On Tuesday, Netflix released the new trailer for Rebecca, the upcoming romantic thriller from director Ben Wheatley. The film is a remake of the Alfred Hitchcock film from 1940, which was an adaptation of Daphne du Maurier's Gothic novel. According to the official description, "After a whirlwind romance in Monte Carlo with handsome widower Maxim de Winter (Armie Hammer), a newly married young woman (Lily James) arrives at Manderley, her new husband's imposing family estate on a windswept English coast. Naive and inexperienced, she begins to settle into the trappings of her new life, but finds herself battling the shadow of Maxim's first wife, the elegant and urbane Rebecca, whose haunting legacy is kept alive by Manderley's sinister housekeeper Mrs. Danvers (Kristin Scott Thomas). Directed by Ben Wheatley (High Rise, Free Fire) and produced by Working Title Films (Emma, Darkest Hour), Rebecca is a mesmerizing and gorgeously rendered psychological thriller based on Daphne du Maurier's beloved 1938 gothic novel."
Rebecca was Hitchcock's first American production, and it earned Academy Awards for Best Picture and Best Cinematography and nine other Oscar nominations that year. The original film starred Laurence Olivier, Joan Fontaine, and Judith Anderson.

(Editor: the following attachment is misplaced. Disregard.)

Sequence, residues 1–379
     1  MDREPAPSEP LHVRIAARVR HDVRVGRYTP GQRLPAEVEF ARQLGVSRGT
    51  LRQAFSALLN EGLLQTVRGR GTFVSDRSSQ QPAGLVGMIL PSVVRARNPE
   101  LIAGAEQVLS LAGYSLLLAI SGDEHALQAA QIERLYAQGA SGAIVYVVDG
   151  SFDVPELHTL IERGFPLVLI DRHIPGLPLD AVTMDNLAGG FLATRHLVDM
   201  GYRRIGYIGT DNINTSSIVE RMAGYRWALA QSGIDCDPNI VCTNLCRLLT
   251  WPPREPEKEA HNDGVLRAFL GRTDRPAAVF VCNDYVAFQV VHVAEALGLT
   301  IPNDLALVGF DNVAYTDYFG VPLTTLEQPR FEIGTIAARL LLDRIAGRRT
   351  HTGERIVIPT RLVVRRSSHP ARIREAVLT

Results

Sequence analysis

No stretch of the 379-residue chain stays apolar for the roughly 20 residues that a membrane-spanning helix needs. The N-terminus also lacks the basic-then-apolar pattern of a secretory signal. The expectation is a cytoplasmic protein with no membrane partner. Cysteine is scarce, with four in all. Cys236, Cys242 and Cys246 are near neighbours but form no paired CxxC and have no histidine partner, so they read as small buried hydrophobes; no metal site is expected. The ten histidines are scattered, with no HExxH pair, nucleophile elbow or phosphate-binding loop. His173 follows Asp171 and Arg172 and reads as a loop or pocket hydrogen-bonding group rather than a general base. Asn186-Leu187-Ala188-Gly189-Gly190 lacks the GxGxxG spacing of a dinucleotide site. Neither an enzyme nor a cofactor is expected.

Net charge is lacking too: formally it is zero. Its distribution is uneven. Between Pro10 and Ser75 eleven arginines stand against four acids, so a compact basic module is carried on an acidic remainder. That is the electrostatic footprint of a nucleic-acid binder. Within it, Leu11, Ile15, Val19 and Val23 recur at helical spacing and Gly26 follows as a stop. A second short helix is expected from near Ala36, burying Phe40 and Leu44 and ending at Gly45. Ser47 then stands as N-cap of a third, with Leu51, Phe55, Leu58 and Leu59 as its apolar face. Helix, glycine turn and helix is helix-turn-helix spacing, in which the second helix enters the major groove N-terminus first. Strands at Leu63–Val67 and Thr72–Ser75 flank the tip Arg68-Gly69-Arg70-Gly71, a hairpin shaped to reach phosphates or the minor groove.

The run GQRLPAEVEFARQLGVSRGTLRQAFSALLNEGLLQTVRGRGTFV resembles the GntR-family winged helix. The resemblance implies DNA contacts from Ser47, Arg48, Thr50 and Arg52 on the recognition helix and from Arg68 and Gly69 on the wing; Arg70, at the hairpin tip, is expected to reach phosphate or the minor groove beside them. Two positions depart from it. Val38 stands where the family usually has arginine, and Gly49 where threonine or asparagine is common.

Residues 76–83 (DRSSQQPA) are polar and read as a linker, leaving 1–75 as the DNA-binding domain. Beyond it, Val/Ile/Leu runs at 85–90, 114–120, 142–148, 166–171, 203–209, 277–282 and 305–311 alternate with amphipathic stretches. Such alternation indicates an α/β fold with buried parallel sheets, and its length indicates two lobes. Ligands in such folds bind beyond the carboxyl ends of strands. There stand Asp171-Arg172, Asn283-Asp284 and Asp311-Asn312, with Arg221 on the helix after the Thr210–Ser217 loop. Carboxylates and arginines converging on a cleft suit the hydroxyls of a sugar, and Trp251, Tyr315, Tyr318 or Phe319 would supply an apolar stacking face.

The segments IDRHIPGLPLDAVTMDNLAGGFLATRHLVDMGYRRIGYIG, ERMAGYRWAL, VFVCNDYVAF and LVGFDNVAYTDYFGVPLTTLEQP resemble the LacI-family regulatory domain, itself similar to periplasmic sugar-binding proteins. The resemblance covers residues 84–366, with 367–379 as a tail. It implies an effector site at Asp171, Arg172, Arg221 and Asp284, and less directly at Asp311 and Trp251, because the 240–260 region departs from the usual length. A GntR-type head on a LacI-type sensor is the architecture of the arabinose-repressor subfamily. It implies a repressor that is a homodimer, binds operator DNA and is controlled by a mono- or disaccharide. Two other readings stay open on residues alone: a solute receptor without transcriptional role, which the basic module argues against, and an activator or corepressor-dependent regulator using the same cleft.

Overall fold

Wheatley is directing from a screenplay by Jane Goldman, Joe Shrapnel, and Anna Waterhouse. His previous genre films include Kill List, A Field in England, and High-Rise James said in the past that having both Wheatley and Goldman working on the movie amplified various components of her character "so that you feel the complexity of who she is."
Scott Thomas said she practically begged to play Mrs. Danvers in the remake. "I wanted that mixture of jealousy, of envy, of rage!" the actress said. "You feel she's a woman of catastrophically reduced circumstances."
She also enjoyed the allure of the conflict between generations of characters and "the older woman despising the younger woman" concept.
Wheatley's film will take a different approach to the source material than Hitchcock's did. "We're doing an adaptation for today, with the idea that women aren't necessarily the weaker sex," Scott Thomas said.
Wheatley told Entertainment Weekly, "Being a massive film fan, it kind of called back to classic Hollywood stuff as much as anything I wanted to do something romantic and I wanted to stretch that muscle, because it's all well and good making lots of movies with horror and action in them, but that's not the whole spectrum of experiences. When I read the script, I realized that a lot of the things I thought I knew about Rebecca were wrong. I fell for all the twists and I thought I knew better than the script and I didn't."
Wheatley's new take on Rebecca debuts on Netflix on October 21st.